Revision and refinement. It’s important stuff. It’s how recipes are developed and books are written. It’s how we hone our sense of style–since most of us are probably dressing differently than in middle school (or even just a few years ago). Really, it’s a huge part of our everyday lives.
Those of you who have been following along will know I choose February to be sweets-free and put my own festival foods in their place. And cutting way down on added sugars can be a good thing.
However, mindset makes all the difference.
The Story that Started it All
When I was a high school freshman, I went on a diet. I hate that in a lot of ways, this is one of my huge defining milestones. But it was. It’s the reason that I got into nutrition in the first place. And the reason I can’t count calories now without dire emotional consequences. While I was never anorexic (and I use that in the clinical sense), I dug myself deep into the hole of disordered eating with my own hubris. Like some tragic Greek hero of yore, I was sure that I was smart enough to keep myself from getting sucked into a dieting mentality that I couldn’t even tell when I was swept away in it.
Afterward, I couldn’t look at food for a long time without mentally totaling calories and I couldn’t eat without this horrible sense of guilt or even self-loathing. I worked long and hard to get as close to normal as I could. That meant avoiding the diet books in the library, not renewing some magazine subscriptions, and beginning to make the transition to real and whole foods. And even though it’s been just about five years, I never completely recovered that healthy relationship with food.
Another Brush with Unhealthy Eating
This month, as I have limited my sweets intake, I have changed, and not for the better. First off, the no sweets rule has made it difficult for me to hang out with friends. We eat ice cream. We get coffee (and by we, I mean, they get coffee and tea and I get hot chocolate or chai). We go to the bakery for pastries. Not knowing what to do in lieu of going out has been incredibly stressful. And I haven’t been turning to healthy stress relieving options (Yoga! Meditation! Walks in the park!), but rather, I’ve turned to popcorn (It’s not a sweet, at least, was my reasoning). Let me tell you, my waistline hasn’t thanked me.
The stress has manifested in other ways, and on Ash Wednesday, our priest gave a very interesting homily that resonated with me a lot. The gist of it was that a lot of people give things up for Lent and it makes them grumpier, not holier or better. Instead, we should focus on adding things to our spiritual arsenal–daily mass, more prayer, et cetera–sort of the religious version of adding something healthy rather than subtracting something unhealthy.
Not only that, but sweets have been all I can think about in my spare time. To the point that my (wonderful!) boyfriend has pointed out my unhealthy fixation. Neither of us knew quite how much I liked ice cream until I couldn’t have it. He has been through so much of this diet-based roller coaster with me and he knows my normal. He gently reminds me when I forget about my ultimate goal: health.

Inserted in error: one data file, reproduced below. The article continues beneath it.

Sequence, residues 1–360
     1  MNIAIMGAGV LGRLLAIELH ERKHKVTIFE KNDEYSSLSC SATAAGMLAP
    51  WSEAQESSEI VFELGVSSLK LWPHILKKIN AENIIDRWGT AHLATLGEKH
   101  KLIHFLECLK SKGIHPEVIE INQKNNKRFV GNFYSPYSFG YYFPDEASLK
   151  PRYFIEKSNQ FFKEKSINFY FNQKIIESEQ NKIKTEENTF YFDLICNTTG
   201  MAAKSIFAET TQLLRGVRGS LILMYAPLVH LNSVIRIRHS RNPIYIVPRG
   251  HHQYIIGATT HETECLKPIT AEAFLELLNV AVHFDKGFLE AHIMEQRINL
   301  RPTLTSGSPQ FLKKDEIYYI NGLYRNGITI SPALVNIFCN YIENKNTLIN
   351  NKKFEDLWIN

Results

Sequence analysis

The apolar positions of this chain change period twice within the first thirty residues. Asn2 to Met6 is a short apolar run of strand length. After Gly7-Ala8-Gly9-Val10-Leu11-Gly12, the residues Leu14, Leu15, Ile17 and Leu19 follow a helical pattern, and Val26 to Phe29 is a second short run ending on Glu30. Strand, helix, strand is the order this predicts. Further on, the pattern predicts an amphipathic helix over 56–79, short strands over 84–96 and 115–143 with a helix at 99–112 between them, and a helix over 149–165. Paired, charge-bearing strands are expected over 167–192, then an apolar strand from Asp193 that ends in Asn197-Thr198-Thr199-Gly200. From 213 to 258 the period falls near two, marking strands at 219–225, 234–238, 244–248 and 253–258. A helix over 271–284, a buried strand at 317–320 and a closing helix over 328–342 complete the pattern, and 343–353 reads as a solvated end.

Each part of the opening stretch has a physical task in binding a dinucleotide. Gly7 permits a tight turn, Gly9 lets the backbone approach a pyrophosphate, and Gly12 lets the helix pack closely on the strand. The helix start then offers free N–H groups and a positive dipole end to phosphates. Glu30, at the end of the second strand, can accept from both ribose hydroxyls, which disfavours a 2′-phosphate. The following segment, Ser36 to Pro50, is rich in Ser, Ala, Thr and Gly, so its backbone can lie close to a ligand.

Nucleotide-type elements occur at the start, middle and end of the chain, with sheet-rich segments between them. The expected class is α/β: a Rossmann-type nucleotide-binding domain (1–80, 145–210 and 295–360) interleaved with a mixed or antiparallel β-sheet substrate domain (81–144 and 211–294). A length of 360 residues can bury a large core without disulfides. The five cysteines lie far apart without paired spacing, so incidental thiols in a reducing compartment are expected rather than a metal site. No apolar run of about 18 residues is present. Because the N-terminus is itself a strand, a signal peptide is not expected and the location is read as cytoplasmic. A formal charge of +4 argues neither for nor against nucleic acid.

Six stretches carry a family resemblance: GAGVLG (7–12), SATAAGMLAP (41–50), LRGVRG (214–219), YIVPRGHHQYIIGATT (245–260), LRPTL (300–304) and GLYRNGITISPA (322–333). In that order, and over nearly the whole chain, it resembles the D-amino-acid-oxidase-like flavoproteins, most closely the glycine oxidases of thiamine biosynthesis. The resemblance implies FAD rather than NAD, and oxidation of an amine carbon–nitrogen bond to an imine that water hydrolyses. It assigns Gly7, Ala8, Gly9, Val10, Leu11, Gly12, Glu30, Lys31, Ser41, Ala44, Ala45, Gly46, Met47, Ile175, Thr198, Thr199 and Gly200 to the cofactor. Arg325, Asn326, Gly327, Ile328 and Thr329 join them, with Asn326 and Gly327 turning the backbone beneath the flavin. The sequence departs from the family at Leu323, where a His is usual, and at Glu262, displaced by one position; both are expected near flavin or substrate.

Plain and simple, the effects this challenge is having on me are not healthy. This was never supposed to get in the way of socializing, stress me out, or turn me into a Minnesota experimental subject.
Looking back on the past two and a half weeks, I realize that I should have had plans in place. Ideas for non-food friendly get-togethers. Plans for non-chocolate stress-relief for when the going got tough. I probably should have allowed myself honey from the get go, to make honey-lemon tea just as a nice night time ritual (not just for sore throats) to replace having something else sweet. Most of all, maybe I should have started with a slightly different, more attainable goal. Going essentially cold turkey was not sustainable for me and put me in a deprivation (read: diet) mindset.
Having thought about this issue a lot in the last few days, I realized that I should have started by culling desserts I have solo. Going out with friends (or on dates) and having a little something sweet is not a daily occurrence, whereas eating some chocolate or ice cream after dinner was. Going out is a boost to my emotional well-being, whereas eating dessert by myself isn’t doing much for my health in general–so that’s what I should have targeted.
This was a very difficult decision to make, but I am going to take a step back from this self-imposed challenge. I do plan to finish out the month of February by getting my sweets habit under control. However, I am going to make an allowance for myself: when I am out with friends or spending quality time with family, a little indulgence is okay.
This experience has reminded me how important it is for me to work on limiting the deprivation-mindset above all. It’s reminded me how fragile my relationship with food can be. And it’s reminded me of my values– that I stand for a holistic view of health–one that takes into account emotional, social, and physical well-being.